Application: Tobacco Control Policy
Tobacco products are responsible for more than 440,000 deaths each year. The Centers for Disease Control and Prevention (CDC) report that approximately 46 million U.S. adults smoke cigarettes in the United States, even though this behavior will result in death or disability for half of all regular users. Paralleling this enormous health burden is the economic burden of tobacco use, which is estimated to total $193 billion annually in medical expenditures and lost productivity due to premature death. Curbing the significant adverse consequences of tobacco use is one of the most important public health goals of our time.
The tobacco products system is a composed of highly connected and interdependent subsystems, comprising industry, consumers, government, health care, and both public and government interest groups. These subsystems are connected by complex technical, social and economic ties. The system as a whole exhibits properties associated with complex adaptive system behavior.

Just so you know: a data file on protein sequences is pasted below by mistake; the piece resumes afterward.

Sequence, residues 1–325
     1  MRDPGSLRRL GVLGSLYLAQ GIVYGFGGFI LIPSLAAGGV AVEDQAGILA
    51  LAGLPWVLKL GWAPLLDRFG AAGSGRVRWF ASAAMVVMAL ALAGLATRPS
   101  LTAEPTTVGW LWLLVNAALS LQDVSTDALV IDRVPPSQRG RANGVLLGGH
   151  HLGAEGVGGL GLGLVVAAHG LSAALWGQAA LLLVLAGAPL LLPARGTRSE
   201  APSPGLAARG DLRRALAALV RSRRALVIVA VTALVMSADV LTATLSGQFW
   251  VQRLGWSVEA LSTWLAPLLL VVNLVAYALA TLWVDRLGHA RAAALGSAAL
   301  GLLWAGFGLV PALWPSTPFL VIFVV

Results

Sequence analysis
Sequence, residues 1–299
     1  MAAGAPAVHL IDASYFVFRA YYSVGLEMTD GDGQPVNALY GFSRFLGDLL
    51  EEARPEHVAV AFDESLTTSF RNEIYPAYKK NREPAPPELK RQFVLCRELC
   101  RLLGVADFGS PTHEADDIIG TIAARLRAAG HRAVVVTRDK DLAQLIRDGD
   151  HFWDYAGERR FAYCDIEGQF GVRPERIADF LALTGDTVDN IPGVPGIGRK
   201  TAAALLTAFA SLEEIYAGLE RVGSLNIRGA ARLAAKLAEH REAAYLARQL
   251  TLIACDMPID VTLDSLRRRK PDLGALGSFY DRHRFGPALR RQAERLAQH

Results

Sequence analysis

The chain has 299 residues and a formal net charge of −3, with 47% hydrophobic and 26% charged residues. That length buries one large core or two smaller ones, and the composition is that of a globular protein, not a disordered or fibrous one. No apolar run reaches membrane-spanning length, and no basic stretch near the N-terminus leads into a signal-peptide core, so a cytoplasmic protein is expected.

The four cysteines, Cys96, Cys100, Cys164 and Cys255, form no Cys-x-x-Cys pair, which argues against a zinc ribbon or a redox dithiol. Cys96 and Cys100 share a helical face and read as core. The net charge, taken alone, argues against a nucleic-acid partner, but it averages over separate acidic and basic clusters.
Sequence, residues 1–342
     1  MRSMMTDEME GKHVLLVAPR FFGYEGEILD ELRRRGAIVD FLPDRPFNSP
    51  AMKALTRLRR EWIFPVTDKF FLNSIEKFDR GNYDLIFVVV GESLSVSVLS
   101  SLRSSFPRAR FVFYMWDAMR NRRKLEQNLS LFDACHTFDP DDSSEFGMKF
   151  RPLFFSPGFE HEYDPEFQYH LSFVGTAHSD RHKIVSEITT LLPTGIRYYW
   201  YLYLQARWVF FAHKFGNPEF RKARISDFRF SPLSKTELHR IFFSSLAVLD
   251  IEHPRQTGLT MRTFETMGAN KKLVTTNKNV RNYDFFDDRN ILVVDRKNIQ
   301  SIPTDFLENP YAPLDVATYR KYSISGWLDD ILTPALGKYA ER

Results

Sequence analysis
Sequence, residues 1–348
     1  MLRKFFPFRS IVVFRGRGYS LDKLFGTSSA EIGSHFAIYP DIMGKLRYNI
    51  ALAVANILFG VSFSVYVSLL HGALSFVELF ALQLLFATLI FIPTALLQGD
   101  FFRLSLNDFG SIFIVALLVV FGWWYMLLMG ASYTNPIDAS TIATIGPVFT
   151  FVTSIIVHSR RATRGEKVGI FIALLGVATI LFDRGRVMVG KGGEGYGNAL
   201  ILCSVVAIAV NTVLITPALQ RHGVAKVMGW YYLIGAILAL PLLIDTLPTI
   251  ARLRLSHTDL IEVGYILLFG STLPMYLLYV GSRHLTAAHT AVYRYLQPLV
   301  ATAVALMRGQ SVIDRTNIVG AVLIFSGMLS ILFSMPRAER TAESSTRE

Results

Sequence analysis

Using Opinion Dynamics to Model Addictive Behaviors, Thomas W. Moore (Sandia National Laboratories), Patrick D. Finley (Sandia National Laboratories), Benjamin J. Apelberg (US Food & Drug Administration), Bridget K. Ambrose (US Food & Drug Administration), Nancy S. Brodsky (Sandia National Laboratories), Theresa J. Brown (Sandia National Laboratories), Corrine Husten (US Food & Drug Administration), Robert J. Glass (Sandia National Laboratories), Physica A (submitted 10/4/2012) (SAND2012-7512 J)
An Agent-Based Approach for Modeling Population Behavior and Health with Application to Tobacco Use, Stephen J. Verzi, Nancy S. Brodsky, Theresa J. Brown, Alexander V. Outkin
Aldo A. Zagonel, Robert J. Glass, Sandia National Laboratories report, September 2012 (2012-6898)
29th International Conference of the System Dynamics Society, July 2011, Washington, DC
- Developing a theory of the societal lifecycle of cigarette smoking: Explaining and anticipating trends using information feedback
- Extending Opinion Dynamics to Model Public Health Problems and the Evaluation of Policy Interventions
2010 Conference on Modeling for Public Health Action: From Epidemiology to Operations, Centers for Disease Control & Preparedness, December 2010, Atlanta, GA